I spent part of Memorial Day 2013 with Mr. Jerry Dinsmore, uncle of fallen Maine hero SGT Joshua J. Kirk of Thomaston, Maine.  Together we tended to SGT Kirk’s grave in Exeter, NH and we talked about this project.


The Honored


“A nation reveals itself not only by the men it produces but also by the men it honors, the men it remembers.”   President John F. Kennedy

In the service and defense of our country, these brave men and women of Maine have paid the ultimate sacrifice since September 11, 2001 –

CDR Robert S. Schlegel Sep 11, 2001 Pentagon Gray

MSgt Evander E. Andrews Oct 10, 2001 Qatar Solon

LCDR Robert E. Clukey Nov 3, 2002 Adriatic Sea Orono

Maj Jay T. Aubin Mar 20, 2003 Kuwait Waterville

1SG Christopher D. Coffin Jul 1, 2003 Iraq Kennebunk

SGT Brett Pelotte Aug 19, 2003 Seoul, Korea Waterville

SGT Nicholes D. Golding Feb 13, 2004 Afghanistan Addison

SPC Jeremiah J. Holmes Mar 29, 2004 Iraq North Berwick

SPC Daniel F.J. Cunningham Apr 3, 2004 Iraq Lewiston

SGT Christopher D. Gelineau Apr 20, 2004 Iraq Portland

SGT Lawrence A. Roukey Apr 26, 2004 Iraq Westbrook

SPC Beau R. Beaulieu May 24, 2004 Iraq Lisbon

CPT Daniel J. Tranchemontagne May 30,2004 Kuwait Portland

CPT Christopher S. Cash Jun 24, 2004 Iraq Old Orchard Beach

SSG Lynn R. Poulin Dec 21, 2004 Iraq Freedom

SGT Thomas J. Dostie Dec 21, 2004 Iraq Somerville

1SG Michael D. Jones Mar 3, 2005 Iraq Unity

MSG Robert M. Horrigan Jun 17, 2005 Iraq Limestone

SPC Joshua U. Humble Feb 26, 2006 Iraq Appleton

SGT Corey A. Dan Mar 13, 2006 Iraq Norway

SPC Dustin J. Harris Apr 6, 2006 Iraq Patten

SSG Dale J. Kelly Jr.May 6, 2006 Iraq Richmond

SSG David M. Veverka May 6, 2006 Iraq Orono

CPT Patrick D. Damon Jun 15, 2006 Afghanistan Falmouth

PFC Andrew R. Small Aug 11, 2006 Afghanistan Wiscasset

1LT Benjamin D. Keating Nov 26, 2006 Afghanistan Shapleigh

Cpl Dustin J. Libby Dec 6, 2006 Iraq Presque Isle

SSG Kristopher R. Ciraso Dec 7, 2006 Iraq Bangor

SSG Eric Ross Feb 9, 2007 Iraq Kenduskeag

LCpl Angel Rosa Mar 13, 2007 Iraq South Portland

SGT Jason W. Swiger Mar 25, 2007 Iraq South Portland

SGT Edmund W. McDonald Mar 28, 2007 Afghanistan Casco

SPC Christopher M. Wilson Mar 29, 2007 Afghanistan Bangor

SGT Richard K. Parker Jun 14, 2007 Iraq Phillips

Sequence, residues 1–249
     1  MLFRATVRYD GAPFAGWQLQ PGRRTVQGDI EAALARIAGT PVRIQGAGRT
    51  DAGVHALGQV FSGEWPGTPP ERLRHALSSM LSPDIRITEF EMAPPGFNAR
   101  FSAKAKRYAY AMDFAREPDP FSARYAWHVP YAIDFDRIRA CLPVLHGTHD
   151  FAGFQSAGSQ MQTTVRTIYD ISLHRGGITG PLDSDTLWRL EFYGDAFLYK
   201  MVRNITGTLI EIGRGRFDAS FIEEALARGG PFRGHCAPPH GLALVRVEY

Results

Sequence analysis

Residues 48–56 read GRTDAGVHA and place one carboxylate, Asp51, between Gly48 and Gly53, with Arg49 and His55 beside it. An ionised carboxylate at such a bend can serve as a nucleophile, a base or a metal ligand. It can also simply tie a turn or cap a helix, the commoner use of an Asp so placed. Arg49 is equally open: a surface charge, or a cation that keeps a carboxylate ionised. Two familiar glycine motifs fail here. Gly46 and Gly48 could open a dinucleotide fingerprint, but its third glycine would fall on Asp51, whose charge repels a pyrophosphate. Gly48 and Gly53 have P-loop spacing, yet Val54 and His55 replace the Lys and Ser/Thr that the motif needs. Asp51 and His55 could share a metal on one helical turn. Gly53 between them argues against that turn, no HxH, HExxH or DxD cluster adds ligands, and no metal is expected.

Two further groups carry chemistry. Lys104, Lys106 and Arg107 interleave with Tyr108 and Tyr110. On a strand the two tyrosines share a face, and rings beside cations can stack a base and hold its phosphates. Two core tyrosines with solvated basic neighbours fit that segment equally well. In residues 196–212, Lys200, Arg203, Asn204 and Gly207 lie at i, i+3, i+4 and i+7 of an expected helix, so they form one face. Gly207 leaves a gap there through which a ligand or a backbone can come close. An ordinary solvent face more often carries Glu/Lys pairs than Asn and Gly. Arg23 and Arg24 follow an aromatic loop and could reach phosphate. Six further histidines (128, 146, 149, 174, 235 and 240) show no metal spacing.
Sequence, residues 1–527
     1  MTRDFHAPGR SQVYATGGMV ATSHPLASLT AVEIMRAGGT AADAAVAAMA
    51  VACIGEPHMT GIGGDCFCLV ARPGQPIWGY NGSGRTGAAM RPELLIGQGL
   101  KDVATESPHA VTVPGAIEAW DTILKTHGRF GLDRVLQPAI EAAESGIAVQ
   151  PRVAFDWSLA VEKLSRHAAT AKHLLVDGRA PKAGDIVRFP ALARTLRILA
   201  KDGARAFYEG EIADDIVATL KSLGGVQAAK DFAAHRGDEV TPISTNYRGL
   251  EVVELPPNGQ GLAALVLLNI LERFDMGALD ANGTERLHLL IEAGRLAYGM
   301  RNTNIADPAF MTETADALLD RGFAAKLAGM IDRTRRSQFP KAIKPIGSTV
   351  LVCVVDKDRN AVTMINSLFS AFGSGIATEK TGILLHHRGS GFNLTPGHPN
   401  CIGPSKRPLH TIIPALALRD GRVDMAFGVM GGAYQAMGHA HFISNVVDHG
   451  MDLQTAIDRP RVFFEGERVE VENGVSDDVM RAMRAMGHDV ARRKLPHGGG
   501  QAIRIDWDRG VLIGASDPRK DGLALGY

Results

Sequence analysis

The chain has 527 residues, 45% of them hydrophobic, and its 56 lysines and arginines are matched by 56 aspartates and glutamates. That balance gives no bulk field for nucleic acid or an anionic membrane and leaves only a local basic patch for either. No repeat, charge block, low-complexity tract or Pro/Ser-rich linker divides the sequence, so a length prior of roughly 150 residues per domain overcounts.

SGT Joel A. House Jun 23, 2007 Iraq Lee

SPC Jason E. Dore Jul 8, 2007 Iraq Moscow

SGT Blair W. Emery Nov 30, 2007 Iraq Lee

SFC Jonathan A. Lowery Dec 14, 2007 Iraq Houlton

PFC Tyler J. Smith Mar 21, 2008Iraq Bethel

SGT Nicholas A. Robertson Apr 3, 2008 Afghanistan Old Town

SPC Justin L. Buxbaum May 26, 2008 Afghanistan South Portland

LCpl Joshua M. Bernard Aug 14, 2009 Afghanistan New Portland

PFC Jordan M. Brochu Aug 31, 2009 Afghanistan Oakland

SGT Joshua J. Kirk Oct 3, 2009 Afghanistan South Portland

Maj Samuel C. Leigh Oct 29, 2009 San Diego Belgrade

SPC Wade A. Slack May 6, 2010 Afghanistan Waterville

SSG Brandon M. Silk Jun 21, 2010 Afghanistan Orono

SSG Eric B. Shaw Jun 27, 2010 Afghanistan Exeter

PFC Clinton E. Springer II Sep 24, 2010 Afghanistan Sanford

1stLt James R. Zimmerman Nov 2, 2010 Afghanistan Smyrna

CPL Andrew L. Hutchins Nov 8, 2010 Afghanistan New Portland

PFC Buddy W. McLain Nov 29, 2010 Afghanistan Mexico

Cpl Mark R. Goyet Jun 28, 2011 Afghanistan Westbrook

PFC Tyler M. Springmann Jul 17, 2011 Afghanistan Hartland

CPT John R. Brainard III May 28, 2012 Afghanistan Dover-Foxcroft

MSgt Ryan C. C. Love July 19, 2012 29 Palms, CA Frankfort

PO1 Patrick D. Feeks Aug 16, 2012 Afghanistan Gorham

SSG Jessica M. Wing Aug 27, 2012 Kuwait Glenburn

SFC Aaron A. Henderson Oct 2, 2012 Afghanistan Houlton

SGT Corey E. Garver Jun 23, 2013 Afghanistan Topsham


The Katahdin Hike

During Memorial Day weekend, The Summit Project will attempt to complete our first inaugural tribute event to Katahdin.   A special team of hikers, dedicated to this climb, and committed to our mission, will climb Katahdin while carrying all of our memorial stones. Once we reach the summit, we will NOT leave the stones on the peak.  After a short memorial ceremony, we will carry the stones back down the mountain and retain them for future hikes, for future weekends, for future mountains.  That first Katahdin team will carry the stones for the hike, but they will carry the stories for a lifetime.  As the years pass, the stories of the fallen will touch the lives of countless other hikers who take on the challenge of Katahdin. We will honor the fallen by challenging the living. The positive impact of this project will have no limits.

Throughout the calendar year our stones will be carried all over Maine and beyond, but on every Memorial Day weekend, we hope to return to Katahdin and with a new team of hikers, carry all our stones to the summit.  There is simply no memorial activity like this in the entire nation, perhaps the world.

This page is dedicated to our commemorative tribute hikes to Katahdin.    That climb and the weekend that our Teams spend with each other and with the surviving Maine families will be emotional, healing, inspiring, challenging and unforgettable.

That story will be told here.


The Living Memorial

 The Summit Project is a Living Memorial, open for the participation of everyone. TSP is really about building and bolstering community.  We invite you to be part of this living memorial in any way that you can imagine. Just send us your ideas and we can make it happen.

There is a great quote by Albert Einstein that says “Imagination is more important than knowledge.” On this page we hope to capture the stories, pictures, memories and imaginations of those who have chosen to participate in The Summit Project. It is here that you will see that The Summit Project is truly a Living Memorial!

The Summit Project welcomes Teams of any size and any affiliation who want to carry stones, honor our fallen Maine heroes and sustain their memories.   If you represent a group, have an idea for a Team Event, we want to know it. We  to invite you to be part of The Summit Project, and we thank you for honoring our heroes through this living memorial. This website has been brought back by a Web Design Company in Maine donating their time to restore it to remember those that have served to ensure our freedom.